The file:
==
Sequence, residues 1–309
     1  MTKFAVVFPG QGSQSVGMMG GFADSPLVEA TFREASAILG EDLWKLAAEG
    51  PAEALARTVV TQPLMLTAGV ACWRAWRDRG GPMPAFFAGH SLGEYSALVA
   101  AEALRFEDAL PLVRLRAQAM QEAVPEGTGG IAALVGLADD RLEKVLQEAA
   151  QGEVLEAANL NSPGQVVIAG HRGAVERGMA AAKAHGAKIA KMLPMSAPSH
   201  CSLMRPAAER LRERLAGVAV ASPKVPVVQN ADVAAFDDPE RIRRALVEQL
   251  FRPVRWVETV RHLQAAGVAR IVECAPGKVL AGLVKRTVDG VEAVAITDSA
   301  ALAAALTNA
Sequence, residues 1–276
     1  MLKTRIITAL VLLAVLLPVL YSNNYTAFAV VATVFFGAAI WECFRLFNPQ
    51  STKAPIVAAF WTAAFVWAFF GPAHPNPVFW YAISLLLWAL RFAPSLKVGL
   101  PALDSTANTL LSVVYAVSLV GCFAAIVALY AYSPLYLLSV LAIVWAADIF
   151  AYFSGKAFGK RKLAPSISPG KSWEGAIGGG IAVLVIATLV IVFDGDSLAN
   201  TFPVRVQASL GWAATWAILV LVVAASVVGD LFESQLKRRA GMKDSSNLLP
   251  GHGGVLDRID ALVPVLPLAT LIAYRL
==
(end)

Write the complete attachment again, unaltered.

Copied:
Sequence, residues 1–309
     1  MTKFAVVFPG QGSQSVGMMG GFADSPLVEA TFREASAILG EDLWKLAAEG
    51  PAEALARTVV TQPLMLTAGV ACWRAWRDRG GPMPAFFAGH SLGEYSALVA
   101  AEALRFEDAL PLVRLRAQAM QEAVPEGTGG IAALVGLADD RLEKVLQEAA
   151  QGEVLEAANL NSPGQVVIAG HRGAVERGMA AAKAHGAKIA KMLPMSAPSH
   201  CSLMRPAAER LRERLAGVAV ASPKVPVVQN ADVAAFDDPE RIRRALVEQL
   251  FRPVRWVETV RHLQAAGVAR IVECAPGKVL AGLVKRTVDG VEAVAITDSA
   301  ALAAALTNA
Sequence, residues 1–276
     1  MLKTRIITAL VLLAVLLPVL YSNNYTAFAV VATVFFGAAI WECFRLFNPQ
    51  STKAPIVAAF WTAAFVWAFF GPAHPNPVFW YAISLLLWAL RFAPSLKVGL
   101  PALDSTANTL LSVVYAVSLV GCFAAIVALY AYSPLYLLSV LAIVWAADIF
   151  AYFSGKAFGK RKLAPSISPG KSWEGAIGGG IAVLVIATLV IVFDGDSLAN
   201  TFPVRVQASL GWAATWAILV LVVAASVVGD LFESQLKRRA GMKDSSNLLP
   251  GHGGVLDRID ALVPVLPLAT LIAYRL